In the 1840s, Dr. Richard Madden, researching the history of the United Irishmen, was directed to a poor old washerwoman living in a miserable hovel in a stable-yard in the Dublin Liberties.  He learned of Anne’s sacrifice and became an admirer, occasionally helping her with donations.  Unfortunately, Dr. Madden worked on government assignment and was transferred to Cuba, spending many years away from Ireland.  Upon his return, in September, 1851, he went straight to the Liberties to see Anne where he learned the sad story of her final days and death just two days earlier.  According to his writings, a woman in whose room Anne Devlin had once lodged, told him, The poor creature, God rest her, it’s well for her, she’s dead.  There was a coffin got from the Society for her and she was buried yesterday.  To his inquiry of what she died from, the answer was, She was old and weak, indeed, but she died mostly of want . . . She was very badly off, not only for food, but for bedclothes.  Nearly all the rags she had to cover her went, at one time or another, to get a morsel of bread.

Dr. Madden was heartbroken and found her grave in the pauper’s section of Glasnevin cemetery.  It was an incredibly tragic end to a most noble lady.  He had her remains exhumed and re-buried in the patriot’s section of the cemetery known as the Circle, right near Daniel O’Connell, and erected a memorial over her.  He left this account in volume III of his monumental history of the United Irishmen: The extraordinary sufferings endured, and the courage and fidelity displayed, by this young woman have few parallels.  She was tortured, frightfully maltreated, her person goaded and pricked with bayonets, hung up by the neck, and was only spared to be exposed to temptations, to be subjected to new and worse horrors than any she had undergone, to suffer solitary confinement, to be daily tormented with threats of further privations, till her health broke down and her mind shattered, and after years of suffering in the same prison, when others of her family were confined without any communication with them, she was turned adrift on the world, without a house to return to, or friends or relations to succor or shelter her.  The day will come when the name of Anne Devlin, the poor neglected creature who, when I knew her, was dragging out a miserable existence, struggling with infirmity and poverty, will be spoken of with feelings of kindness not unmixed with admiration.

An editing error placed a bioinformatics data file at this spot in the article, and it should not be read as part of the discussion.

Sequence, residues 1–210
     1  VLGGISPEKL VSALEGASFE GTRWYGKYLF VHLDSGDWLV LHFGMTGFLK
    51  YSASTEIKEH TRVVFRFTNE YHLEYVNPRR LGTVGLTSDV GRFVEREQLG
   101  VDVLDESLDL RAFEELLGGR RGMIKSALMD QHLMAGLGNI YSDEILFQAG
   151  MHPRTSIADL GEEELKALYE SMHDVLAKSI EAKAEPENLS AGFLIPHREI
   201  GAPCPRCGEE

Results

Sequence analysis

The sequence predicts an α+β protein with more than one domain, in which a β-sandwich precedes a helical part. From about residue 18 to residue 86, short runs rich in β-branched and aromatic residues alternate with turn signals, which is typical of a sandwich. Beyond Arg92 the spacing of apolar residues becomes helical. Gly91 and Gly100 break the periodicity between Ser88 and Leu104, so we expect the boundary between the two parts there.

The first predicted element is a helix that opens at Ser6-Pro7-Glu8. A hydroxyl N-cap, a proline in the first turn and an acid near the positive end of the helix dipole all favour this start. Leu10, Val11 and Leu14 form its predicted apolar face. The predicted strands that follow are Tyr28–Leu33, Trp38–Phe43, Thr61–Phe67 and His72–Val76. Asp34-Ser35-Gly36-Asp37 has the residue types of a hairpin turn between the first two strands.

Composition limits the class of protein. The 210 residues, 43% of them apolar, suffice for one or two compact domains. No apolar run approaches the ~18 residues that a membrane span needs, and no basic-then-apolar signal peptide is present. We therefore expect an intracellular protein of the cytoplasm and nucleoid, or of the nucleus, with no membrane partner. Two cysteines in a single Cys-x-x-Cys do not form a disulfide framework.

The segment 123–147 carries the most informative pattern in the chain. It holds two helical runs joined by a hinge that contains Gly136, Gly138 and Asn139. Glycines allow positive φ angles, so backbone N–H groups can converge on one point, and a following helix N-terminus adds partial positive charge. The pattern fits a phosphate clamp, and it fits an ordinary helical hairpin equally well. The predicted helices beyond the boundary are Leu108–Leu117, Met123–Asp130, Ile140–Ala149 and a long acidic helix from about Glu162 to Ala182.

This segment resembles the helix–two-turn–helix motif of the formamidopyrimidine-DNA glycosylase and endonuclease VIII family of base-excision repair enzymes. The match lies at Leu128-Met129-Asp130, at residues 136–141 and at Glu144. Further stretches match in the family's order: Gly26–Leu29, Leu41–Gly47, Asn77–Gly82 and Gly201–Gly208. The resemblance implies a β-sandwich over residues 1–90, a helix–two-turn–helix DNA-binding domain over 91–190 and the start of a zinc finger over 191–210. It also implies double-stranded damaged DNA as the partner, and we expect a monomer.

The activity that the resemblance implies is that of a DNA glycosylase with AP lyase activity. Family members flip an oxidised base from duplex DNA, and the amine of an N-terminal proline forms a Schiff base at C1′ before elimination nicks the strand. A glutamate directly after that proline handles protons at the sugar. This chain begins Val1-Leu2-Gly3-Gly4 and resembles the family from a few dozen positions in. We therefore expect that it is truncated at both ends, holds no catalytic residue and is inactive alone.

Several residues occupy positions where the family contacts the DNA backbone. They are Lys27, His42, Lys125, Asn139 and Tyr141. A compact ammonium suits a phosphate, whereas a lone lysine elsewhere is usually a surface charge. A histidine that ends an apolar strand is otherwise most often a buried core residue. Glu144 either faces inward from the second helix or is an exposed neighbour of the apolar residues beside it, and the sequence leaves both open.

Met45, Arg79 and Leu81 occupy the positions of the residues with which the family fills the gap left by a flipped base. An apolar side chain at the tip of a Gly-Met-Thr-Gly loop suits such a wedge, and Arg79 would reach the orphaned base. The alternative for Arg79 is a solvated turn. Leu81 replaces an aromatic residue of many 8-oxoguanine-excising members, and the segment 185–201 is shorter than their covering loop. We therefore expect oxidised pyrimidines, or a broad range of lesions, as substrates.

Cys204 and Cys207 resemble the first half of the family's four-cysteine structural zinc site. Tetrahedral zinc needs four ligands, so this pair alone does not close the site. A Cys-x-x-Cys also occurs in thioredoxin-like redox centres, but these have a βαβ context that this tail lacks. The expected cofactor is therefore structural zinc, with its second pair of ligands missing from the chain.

But thankfully, the times are changing. In 2003 on the bicentennial of the 1803 Rising, Anne was remembered on one of three commemorative Irish postage stamps and in February, 2004, the South Dublin County Council proudly unveiled a statue of Anne in the village of Rathfarnam, just a few yards from the house in Butterfield lane where she served Robert Emmet and Ireland.  The statue caused some controversy as some historians wanted a statue of Emmet, but saner heads prevailed,  This beautiful statue of Anne Devlin not only adds character to Rathfarnham village, it highlights the significance of its history.  Irish-Canadian poet, Paul Potts, dedicated an entire chapter in his book of essays, Invitation to a Sacrament to all who helped her  and he wrote that, it is true that she was a servant girl; it is equally true that she was one of the glories of the world.  Because of her a light shines out, from the slums around the Coombe and from the ploughs on a Wicklow hillside, to equal the brightness of any star.  This Wicklow peasant working girl beat the British Empire.  They had been beaten by the spirit of an unconquered Ireland, housed in the heart and mind of a simple Irish girl.  Anne Devlin is an inspiration to all who hold freedom dear.